• Kyodo, Staff Report


Former health minister Yoichi Masuzoe said Monday he would lead the capital in preparing for the 2020 Olympics and address rising welfare costs as Tokyo’s new governor.

“I feel a very grave sense of responsibility. I’ll brace myself and do my best,” Masuzoe, 65, told reporters after winning Sunday’s Tokyo gubernatorial election.

Masuzoe’s two main rivals, lawyer Kenji Utsunomiya, 67, and former Prime Minister Morihiro Hosokawa, 76, who were both against nuclear energy, were soundly defeated.

“I went out to campaign all across Tokyo and spoke to more voters than any other candidate,” Masuzoe told his supporters in declaring victory. “I kept explaining about my policy plans.”

Masuzoe received over 2.11 million votes, winning him the top job in the capital, which has a population of more than 13 million.

His total just eclipsed the combined tally of 1,938,657 collected by Utsunomiya, former head of the Japan Federation of Bar Associations who was a distant second with 982,594 votes, and Hosokawa, who came in third with 956,063 votes.

Voter turnout was a lowly 46.15 percent, down sharply from 62.60 percent in the December 2012 election and the third-lowest in Tokyo’s history, according to the Tokyo metropolitan election management committee.

The heaviest snow in decades blanketed Tokyo and many other parts of Japan on Saturday, discouraging people from going to the polls the next day.

A low turnout tends to favor a candidate backed by a wide range of groups. Masuzoe received support not only from the ruling bloc — the Liberal Democratic Party and New Komeito — but also from the Japanese Trade Union Confederation (Rengo).

On Monday, Prime Minister Shinzo Abe, the LDP’s president, said he wants to fully cooperate with the new governor.

“I want him to make Tokyo a city that shines at the center of the world,” Abe said.

The governor-elect, succeeding Naoki Inose, who resigned in December over a money scandal, is expected to start off by assessing the capital’s fiscal 2014 budget.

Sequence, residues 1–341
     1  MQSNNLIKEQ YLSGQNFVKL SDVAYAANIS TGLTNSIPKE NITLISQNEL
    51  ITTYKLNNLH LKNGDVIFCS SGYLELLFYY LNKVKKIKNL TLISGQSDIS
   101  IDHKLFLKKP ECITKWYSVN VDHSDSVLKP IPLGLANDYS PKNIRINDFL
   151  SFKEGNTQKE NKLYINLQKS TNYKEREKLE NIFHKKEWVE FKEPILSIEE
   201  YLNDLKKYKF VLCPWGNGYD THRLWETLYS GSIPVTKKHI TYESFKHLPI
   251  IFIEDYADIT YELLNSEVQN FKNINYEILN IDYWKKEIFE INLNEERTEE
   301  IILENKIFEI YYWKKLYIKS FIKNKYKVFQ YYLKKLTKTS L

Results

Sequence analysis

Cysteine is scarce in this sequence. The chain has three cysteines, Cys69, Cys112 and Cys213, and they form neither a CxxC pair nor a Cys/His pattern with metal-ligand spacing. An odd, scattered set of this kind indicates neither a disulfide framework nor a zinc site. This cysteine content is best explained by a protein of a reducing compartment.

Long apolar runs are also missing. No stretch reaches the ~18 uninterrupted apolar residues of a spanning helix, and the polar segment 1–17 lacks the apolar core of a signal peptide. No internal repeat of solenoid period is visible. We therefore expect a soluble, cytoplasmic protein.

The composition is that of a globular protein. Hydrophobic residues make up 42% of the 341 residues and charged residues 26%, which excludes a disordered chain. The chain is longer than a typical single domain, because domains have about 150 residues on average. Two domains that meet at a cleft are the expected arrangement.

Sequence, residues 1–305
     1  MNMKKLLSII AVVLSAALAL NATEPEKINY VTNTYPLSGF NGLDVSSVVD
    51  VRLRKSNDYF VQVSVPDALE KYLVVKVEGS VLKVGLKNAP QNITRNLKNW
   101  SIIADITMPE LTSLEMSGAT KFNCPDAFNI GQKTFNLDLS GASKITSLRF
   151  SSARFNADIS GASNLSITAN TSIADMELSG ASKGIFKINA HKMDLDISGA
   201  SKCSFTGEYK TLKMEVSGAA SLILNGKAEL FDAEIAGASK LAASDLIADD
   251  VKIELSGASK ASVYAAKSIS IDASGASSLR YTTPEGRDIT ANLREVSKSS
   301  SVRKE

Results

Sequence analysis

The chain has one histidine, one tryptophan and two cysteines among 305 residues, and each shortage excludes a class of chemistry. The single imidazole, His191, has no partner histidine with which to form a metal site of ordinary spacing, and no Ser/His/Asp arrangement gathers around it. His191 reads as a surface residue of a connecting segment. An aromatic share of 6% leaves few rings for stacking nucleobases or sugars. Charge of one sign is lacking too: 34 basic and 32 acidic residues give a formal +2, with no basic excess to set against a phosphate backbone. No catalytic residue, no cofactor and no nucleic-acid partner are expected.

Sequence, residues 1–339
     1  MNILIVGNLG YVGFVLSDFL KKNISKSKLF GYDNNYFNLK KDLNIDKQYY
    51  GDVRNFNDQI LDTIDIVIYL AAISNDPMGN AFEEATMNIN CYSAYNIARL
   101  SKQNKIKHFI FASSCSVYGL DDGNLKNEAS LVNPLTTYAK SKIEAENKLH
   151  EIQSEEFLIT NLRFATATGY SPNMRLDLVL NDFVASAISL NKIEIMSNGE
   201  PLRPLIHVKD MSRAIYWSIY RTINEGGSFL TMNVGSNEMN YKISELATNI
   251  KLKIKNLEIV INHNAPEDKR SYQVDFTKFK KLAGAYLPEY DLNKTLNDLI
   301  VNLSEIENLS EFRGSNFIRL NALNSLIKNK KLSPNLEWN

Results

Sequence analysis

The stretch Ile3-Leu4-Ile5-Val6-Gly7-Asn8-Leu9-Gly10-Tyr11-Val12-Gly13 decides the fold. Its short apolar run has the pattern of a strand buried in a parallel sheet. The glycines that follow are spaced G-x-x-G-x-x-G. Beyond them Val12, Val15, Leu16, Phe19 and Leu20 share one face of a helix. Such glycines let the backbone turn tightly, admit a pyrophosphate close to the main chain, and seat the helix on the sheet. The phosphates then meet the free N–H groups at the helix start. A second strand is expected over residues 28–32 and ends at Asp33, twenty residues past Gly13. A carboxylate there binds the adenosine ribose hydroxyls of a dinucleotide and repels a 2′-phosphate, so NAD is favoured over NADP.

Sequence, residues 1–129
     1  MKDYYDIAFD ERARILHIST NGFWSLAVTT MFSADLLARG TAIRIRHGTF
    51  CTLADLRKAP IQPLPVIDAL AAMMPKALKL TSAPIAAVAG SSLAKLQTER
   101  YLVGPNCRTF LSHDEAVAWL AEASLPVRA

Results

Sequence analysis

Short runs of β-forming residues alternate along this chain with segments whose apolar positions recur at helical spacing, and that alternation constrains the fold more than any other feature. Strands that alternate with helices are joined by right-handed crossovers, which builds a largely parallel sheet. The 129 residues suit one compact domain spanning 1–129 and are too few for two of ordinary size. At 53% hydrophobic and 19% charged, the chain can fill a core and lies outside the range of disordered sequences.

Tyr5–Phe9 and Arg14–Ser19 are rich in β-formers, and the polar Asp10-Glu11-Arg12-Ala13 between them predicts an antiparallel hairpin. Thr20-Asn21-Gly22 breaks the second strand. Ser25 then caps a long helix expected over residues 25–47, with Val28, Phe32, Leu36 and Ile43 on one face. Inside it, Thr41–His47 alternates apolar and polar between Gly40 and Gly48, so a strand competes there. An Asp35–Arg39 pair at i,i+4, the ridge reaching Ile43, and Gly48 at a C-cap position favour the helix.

The draft budget for the year starting April 1 will be submitted to the metropolitan assembly later this month after Masuzoe, who was minister of health, labor and welfare between 2007 and 2009, checks the planned spending and estimated revenues.

Masuzoe, a former Upper House member, said he wants to reflect his campaign pledges to some extent in the new budget. “All I have to do is achieve results. I want to use my experience as a welfare minister.”

In campaigning, Masuzoe pledged to make Tokyo the world’s top metropolis in fields such as disaster prevention, social welfare, business and education.

He views on energy policy fell into line with those of Abe’s ruling coalition. The government aims to restart nuclear reactors nationwide, while trying to reduce the nation’s dependence on atomic energy and develop alternative and sustainable energy sources.

Having beaten Hosokawa and Utsunomiya, who seek to rid Japan of nuclear power as soon as possible in light of the Fukushima disaster, Masuzoe said Monday he believes “voters appreciated” his stance on nuclear, in which he advocated a gradual phaseout.

Chief Cabinet Secretary Yoshihide Suga hailed Masuzoe’s landslide victory, saying he won because “people in Tokyo calmly assessed each candidate’s policies, ability and sense of responsibility.”

“We achieved the best outcome,” Suga told reporters.

Masuzoe has said he will make the 2020 Tokyo Games the best in Olympic history. “I would like to show people from all over the world how attractive Tokyo is,” he said.

Among his other campaign pledges are reducing to zero in a four-year term the number of children on waiting lists for admission to day-care facilities, and raising the ratio of renewable energy in Tokyo’s total energy consumption to 20 percent from the current 6 percent.

Masuzoe’s victory is likely to give Abe major leverage in his plan to reactivate some of the 48 reactors that have been idled since or shortly after the Fukushima disaster started in March 2011.

As Abe’s Cabinet formed plans to reactivate some of the reactors in early summer, Hosokawa and his ally, popular ex-Prime Minister Junichiro Koizumi, took to the campaign trail to stir a national debate on nuclear energy in hopes of blocking that plan via the election.

But Hosokawa, once considered Masuzoe’s strongest rival, failed to win over Tokyo’s sizable swing voter contingent.

Earlier media polls have suggested Tokyo voters were more interested in economic, employment and welfare issues than Hosokawa’s call to immediately abolish nuclear power.

“Ending the use of nuclear energy was not treated as seriously as it should be,” Hosokawa said. “There was some hesitation until I decided to run, so my preparation time was limited.”

Hosokawa put extra emphasis on his anti-nuclear drive, while Utsunomiya treated nuclear energy and other issues more equally.

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